Rosneft acquires 49% of India’s Essar Oil
21 Aug 2017 - 23:41
Moscow: Russia’s state-controlled oil giant Rosneft announced yesterday it had closed a deal with India’s Essar Oil that is the single largest foreign investment in India and is strategically important for Russia.
Announced in October 2016 as oil prices plunged, the deal values at $12.9bn the Indian group that owns one of the world’s most modern refineries -- Vadinar -- and controls over 3,500 petrol stations.
Rosneft is acquiring a 49 percent stake, while another 49 percent is being acquired by a consortium including global commodities giant Trafigura.
Essar in a statement called it “Russia’s single largest foreign investment made anywhere in the world” and also “the single largest foreign investment in India.”
One of the brothers who founded the company, Shashi Ruia was quoted as saying “Today is a historic day for Indo-Russian economic ties.”
He said the deal “reflects the shared vision of two of the world’s most dynamic leaders.”
India under Prime Minister Narendra Modi is one of the emerging countries with whom Russian President Vladimir Putin has built up dialogue in recent years.
“Together with our partners we intend to support the company (Essar) to significantly improve its financial performance and, in the medium term, adopt an asset development strategy,”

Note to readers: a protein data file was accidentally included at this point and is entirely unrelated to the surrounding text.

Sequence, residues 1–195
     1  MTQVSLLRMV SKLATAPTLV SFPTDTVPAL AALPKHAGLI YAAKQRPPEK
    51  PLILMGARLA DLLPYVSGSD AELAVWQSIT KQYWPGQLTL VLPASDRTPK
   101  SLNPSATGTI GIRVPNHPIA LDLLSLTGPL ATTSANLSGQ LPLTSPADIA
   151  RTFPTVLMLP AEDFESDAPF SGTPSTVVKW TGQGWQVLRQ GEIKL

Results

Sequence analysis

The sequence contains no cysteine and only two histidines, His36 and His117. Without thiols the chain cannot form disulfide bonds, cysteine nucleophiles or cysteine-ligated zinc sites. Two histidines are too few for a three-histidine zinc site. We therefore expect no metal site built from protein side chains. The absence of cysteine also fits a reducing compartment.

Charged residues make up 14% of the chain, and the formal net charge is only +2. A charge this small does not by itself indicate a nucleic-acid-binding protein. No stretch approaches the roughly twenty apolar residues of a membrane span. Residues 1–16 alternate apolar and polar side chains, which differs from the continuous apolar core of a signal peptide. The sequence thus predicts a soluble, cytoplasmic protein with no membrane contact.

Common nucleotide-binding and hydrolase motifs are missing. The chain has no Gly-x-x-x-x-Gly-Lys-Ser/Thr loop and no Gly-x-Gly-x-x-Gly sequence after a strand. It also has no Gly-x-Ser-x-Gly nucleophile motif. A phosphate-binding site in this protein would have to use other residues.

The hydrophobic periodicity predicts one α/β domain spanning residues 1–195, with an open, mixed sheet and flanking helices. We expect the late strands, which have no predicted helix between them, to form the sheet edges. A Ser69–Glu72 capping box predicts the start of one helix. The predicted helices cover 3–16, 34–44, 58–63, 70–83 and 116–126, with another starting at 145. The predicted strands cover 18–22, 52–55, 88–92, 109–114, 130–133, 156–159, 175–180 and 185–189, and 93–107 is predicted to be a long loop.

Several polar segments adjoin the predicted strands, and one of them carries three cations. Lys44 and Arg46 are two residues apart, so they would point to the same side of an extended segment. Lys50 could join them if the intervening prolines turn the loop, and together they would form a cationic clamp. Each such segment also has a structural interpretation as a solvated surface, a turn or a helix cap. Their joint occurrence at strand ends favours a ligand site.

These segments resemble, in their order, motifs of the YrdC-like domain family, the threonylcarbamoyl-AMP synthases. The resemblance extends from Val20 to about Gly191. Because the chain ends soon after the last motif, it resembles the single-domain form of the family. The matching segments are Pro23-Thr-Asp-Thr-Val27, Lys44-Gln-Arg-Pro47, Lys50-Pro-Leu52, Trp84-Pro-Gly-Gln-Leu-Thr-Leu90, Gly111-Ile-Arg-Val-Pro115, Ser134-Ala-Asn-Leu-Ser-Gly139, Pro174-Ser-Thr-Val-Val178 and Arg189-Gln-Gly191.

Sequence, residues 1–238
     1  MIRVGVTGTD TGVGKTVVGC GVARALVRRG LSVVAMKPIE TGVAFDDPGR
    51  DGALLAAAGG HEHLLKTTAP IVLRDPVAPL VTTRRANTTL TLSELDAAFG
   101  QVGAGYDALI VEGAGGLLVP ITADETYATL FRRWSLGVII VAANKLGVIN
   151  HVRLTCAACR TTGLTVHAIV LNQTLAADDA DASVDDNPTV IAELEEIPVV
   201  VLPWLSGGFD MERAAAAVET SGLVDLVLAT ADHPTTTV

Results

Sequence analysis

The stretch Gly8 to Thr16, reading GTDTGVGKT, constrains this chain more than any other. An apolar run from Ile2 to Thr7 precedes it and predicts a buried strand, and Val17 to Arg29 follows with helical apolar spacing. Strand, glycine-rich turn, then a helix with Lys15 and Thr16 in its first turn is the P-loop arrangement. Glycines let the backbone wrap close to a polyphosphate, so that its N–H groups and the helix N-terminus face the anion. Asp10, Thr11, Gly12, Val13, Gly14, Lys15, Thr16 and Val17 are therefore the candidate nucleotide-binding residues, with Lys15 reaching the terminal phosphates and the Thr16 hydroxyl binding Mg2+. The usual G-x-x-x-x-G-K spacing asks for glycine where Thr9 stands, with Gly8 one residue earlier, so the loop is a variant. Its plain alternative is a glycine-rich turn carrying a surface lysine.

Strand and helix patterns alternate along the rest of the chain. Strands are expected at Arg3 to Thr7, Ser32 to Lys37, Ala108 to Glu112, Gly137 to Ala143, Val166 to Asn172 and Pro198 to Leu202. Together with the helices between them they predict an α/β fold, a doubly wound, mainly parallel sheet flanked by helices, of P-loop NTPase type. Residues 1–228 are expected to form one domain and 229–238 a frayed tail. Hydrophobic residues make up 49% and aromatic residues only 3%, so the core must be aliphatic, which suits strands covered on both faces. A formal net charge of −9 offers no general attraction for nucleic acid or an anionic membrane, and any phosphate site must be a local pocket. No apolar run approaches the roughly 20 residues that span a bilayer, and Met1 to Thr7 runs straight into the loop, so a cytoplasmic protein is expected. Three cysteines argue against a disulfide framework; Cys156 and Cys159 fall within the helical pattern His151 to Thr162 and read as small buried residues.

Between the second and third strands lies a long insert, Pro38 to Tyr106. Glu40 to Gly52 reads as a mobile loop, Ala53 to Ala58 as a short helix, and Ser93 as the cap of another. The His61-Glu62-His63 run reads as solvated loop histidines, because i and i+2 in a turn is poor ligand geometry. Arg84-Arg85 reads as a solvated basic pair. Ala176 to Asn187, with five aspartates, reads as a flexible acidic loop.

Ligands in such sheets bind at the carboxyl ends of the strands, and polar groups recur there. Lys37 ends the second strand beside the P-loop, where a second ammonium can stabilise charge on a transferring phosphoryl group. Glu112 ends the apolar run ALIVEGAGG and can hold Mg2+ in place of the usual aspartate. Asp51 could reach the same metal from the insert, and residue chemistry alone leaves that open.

Rosneft head Igor Sechin (pictured), a close ally of Putin, was quoted as saying in a statement.
“The closing of the deal is a remarkable achievement for Rosneft too: the company has entered the high-potential and fast-growing Asia Pacific market,” Sechin said. The deal is seen as a strategic triumph for Russia, allowing it to move into other markets, while the country and Rosneft specifically are under EU and US sanctions over Moscow’s actions in Ukraine.
Rosneft has said that Essar’s Vadinar refinery will allow it to process crude oil produced in Venezuela, which is difficult to refine.
Rosenft has said that since 2014 it has lent least $6bn to Venezuela, with Caracas paying back some of that debt through oil shipments.
Russian analysts and opposition supporters have called the Indian deal a way for Moscow to prop up the regime of socialist President Nicolas Maduro in Venezuela as he faces a serious political and economic crisis.